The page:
5. RIPL. The panelists seemed a little mystified by RIPL and I have to admit that I was, too. Chief Executive Bill Messing, in his first public demonstration of the product, showed how users can create their own profiles with photos and widgets that showed what iTunes songs were listened to recently. Those profiles would go out to the users' friends, who could see a slideshow of the photos, along with ads.

RIPL is an example of a trend that I call a revival of push technology - particularly the way that ads pop up on friends' computers. But Messing said that this advertising will be useful and relevant. RIPL has completed a $2 million Series A round and is opening a $1 million bridge round to Series B funding, Messing said.

6. Yodio. Chief Executive Clay Loges said he thinks that voice is the "undeveloped frontier on the Internet." The basic idea is that people can call a phone number and leave a voice recording, and then go to their computers to get that voice file and publish it. You can mash it with photos or tag it, for example.

Loges showed an example of an e-mail message that featured a person's picture and a voice recording from that person. Yodio wants to sell those voice recordings, giving a percentage to the performer and keeping the rest of the money. But who would buy these? Maybe Yodio can hook up with Sanjaya Malakar now that he's free.

May 1, 2007

Earnings: Getty, HouseValues

Posted by Kim Peterson at 1:21 PM

A couple of companies reporting earnings today:

Sales were up but profits down at Getty Images, based in Seattle. The digital image company reported a record $213 million in sales for the first quarter. That compares to $201 million for the same period last year. Profit was $38 million, or 63 cents a share. That's slightly down from last year's profit of $39.3 million, or 61 cents a share.

Profit was hurt by the $4.1 million in fees Getty paid for a professional review of its stock option compensation practices. The Securities and Exchange Commission is also conducting an informal review of the company's stock option grants.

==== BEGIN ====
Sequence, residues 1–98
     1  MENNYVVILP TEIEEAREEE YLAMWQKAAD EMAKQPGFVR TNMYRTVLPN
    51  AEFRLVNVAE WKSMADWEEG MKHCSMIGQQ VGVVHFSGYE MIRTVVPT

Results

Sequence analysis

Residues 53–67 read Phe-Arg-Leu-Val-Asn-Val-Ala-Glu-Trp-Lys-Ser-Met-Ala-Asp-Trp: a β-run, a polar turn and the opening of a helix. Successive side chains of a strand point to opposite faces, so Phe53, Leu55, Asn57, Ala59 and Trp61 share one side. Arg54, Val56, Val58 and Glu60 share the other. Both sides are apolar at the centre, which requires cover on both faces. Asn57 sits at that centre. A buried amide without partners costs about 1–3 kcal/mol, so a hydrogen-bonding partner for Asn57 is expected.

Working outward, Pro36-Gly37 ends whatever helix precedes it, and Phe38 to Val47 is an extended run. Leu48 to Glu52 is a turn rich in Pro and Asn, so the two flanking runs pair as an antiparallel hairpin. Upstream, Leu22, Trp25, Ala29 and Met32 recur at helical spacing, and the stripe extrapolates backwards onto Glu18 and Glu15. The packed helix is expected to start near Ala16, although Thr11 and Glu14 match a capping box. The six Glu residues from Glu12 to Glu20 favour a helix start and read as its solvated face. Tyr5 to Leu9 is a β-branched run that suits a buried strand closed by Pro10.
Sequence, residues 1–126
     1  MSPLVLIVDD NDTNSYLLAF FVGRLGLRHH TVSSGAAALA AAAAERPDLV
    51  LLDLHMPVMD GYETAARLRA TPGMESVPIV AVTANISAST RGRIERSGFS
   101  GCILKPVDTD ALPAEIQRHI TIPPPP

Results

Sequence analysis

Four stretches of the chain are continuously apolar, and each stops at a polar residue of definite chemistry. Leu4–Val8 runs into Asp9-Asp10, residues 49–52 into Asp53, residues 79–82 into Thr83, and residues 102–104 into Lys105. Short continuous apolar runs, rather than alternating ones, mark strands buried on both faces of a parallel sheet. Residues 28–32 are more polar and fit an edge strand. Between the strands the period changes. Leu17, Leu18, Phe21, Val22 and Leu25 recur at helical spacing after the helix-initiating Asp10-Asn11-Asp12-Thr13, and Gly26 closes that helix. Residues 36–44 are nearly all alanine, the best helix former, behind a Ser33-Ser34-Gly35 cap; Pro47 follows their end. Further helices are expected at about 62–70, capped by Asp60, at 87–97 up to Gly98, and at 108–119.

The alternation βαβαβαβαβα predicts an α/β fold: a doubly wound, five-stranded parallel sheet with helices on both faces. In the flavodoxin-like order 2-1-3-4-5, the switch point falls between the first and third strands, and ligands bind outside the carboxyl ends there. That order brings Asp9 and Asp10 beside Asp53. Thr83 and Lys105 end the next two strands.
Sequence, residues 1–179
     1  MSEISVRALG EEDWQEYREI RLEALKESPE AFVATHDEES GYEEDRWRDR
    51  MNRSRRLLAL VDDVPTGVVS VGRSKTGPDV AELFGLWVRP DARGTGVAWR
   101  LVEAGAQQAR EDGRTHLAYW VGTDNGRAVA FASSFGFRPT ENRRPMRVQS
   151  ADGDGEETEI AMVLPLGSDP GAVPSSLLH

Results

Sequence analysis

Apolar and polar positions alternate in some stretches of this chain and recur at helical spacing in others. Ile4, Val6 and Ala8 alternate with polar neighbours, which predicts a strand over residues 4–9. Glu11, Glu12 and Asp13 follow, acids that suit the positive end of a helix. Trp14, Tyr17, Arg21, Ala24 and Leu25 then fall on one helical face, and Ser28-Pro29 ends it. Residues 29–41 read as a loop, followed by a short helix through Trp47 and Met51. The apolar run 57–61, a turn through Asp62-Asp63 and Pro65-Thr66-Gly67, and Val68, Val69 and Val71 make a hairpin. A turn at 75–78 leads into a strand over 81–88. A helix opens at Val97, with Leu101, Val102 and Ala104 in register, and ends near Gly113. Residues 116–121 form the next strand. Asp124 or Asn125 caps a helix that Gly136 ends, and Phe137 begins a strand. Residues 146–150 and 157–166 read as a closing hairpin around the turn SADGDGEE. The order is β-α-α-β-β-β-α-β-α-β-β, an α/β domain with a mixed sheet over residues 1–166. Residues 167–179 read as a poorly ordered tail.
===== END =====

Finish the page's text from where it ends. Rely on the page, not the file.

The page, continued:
At Kirkland-based HouseValues, an online real estate company, first-quarter sales were $17.8 million, down from $23.2 million in the previous year. The company swung to a $1.2 million loss, or 5 cents a share from a profit of $1.8 million, or 6 cents a share, in 2006.

HouseValues launched a new consumer real estate portal today at, and it's selling advertising space to real estate agents who want to promote their listings. The company had fewer customers at the end of the quarter than it did at the end of 2006.

In other news, Isilon Systems said today that Mark Schrandt has resigned as vice president of engineering. The company didn't say why Schrandt left.

April 25, 2007

Isilon's first quarter earnings

Posted by Kim Peterson at 1:32 PM

Isilon Systems, a Seattle-based digital media storage company, reported a $3.8 million net loss for the first quarter of the year. That compares with a $4.5 million loss for the same period last year.

The company's sales were $21.6 million for the quarter, up from $10.4 million for the same period in 2006.

Isilon said the number of its customers has grown from 180 in March 2006 to 448 at the end of March 2007. It was the second-best quarter in terms of new customer growth in the company's history.

Andrew Heyward talks about the media

Posted by Kim Peterson at 11:26 AM

I sat down today with Andrew Heyward, who ran CBS News for nearly 10 years. These days, he's on the board of directors for The NewsMarket, a site that provides free video to media organizations and soon, bloggers. Heyward was meeting with Microsoft and other NewsMarket clients in downtown Seattle.

Here are some of his thoughts on the media and technology:

On how television news has changed lately:
The evening news landscape has seen radical changes, he said, with anchor turnover in all three major networks. And more than ever, television news is struggling with how to attract new audiences to the genre, and how to monetize that. Television news is a very traditional industry, he said, and now is seeing a dramatic expansion of experimentation.
"It's not yet clear what's going to emerge with the solid, substantive results traditional media has had for many years."

On how new technologies are changing television:
Television networks are streaming shows on their Web sites, which is very disruptive to the traditional model, he said. And then there's YouTube, which Heyward described as a fascinating phenomenon.
"Who would think that major media companies would have to consider their relationship with this completely democratic platform generated by the audience?" he asked. It's the ultimate iteration of power by the consumer, he said.

On personal news channels:
These days, Heyward said, people have seemingly infinite content available to them on the Web. They can create their own news environment, culling together news and video clips that they want to see. The role of editor has been usurped by the consumer, he said.
He called the practice "disaggregation," where news stories are now consumed as segments.
"Think about the Internet and the mouse compared to cable and the remote control," he said. "You're not at anybody's mercy anymore."

On changing economic models: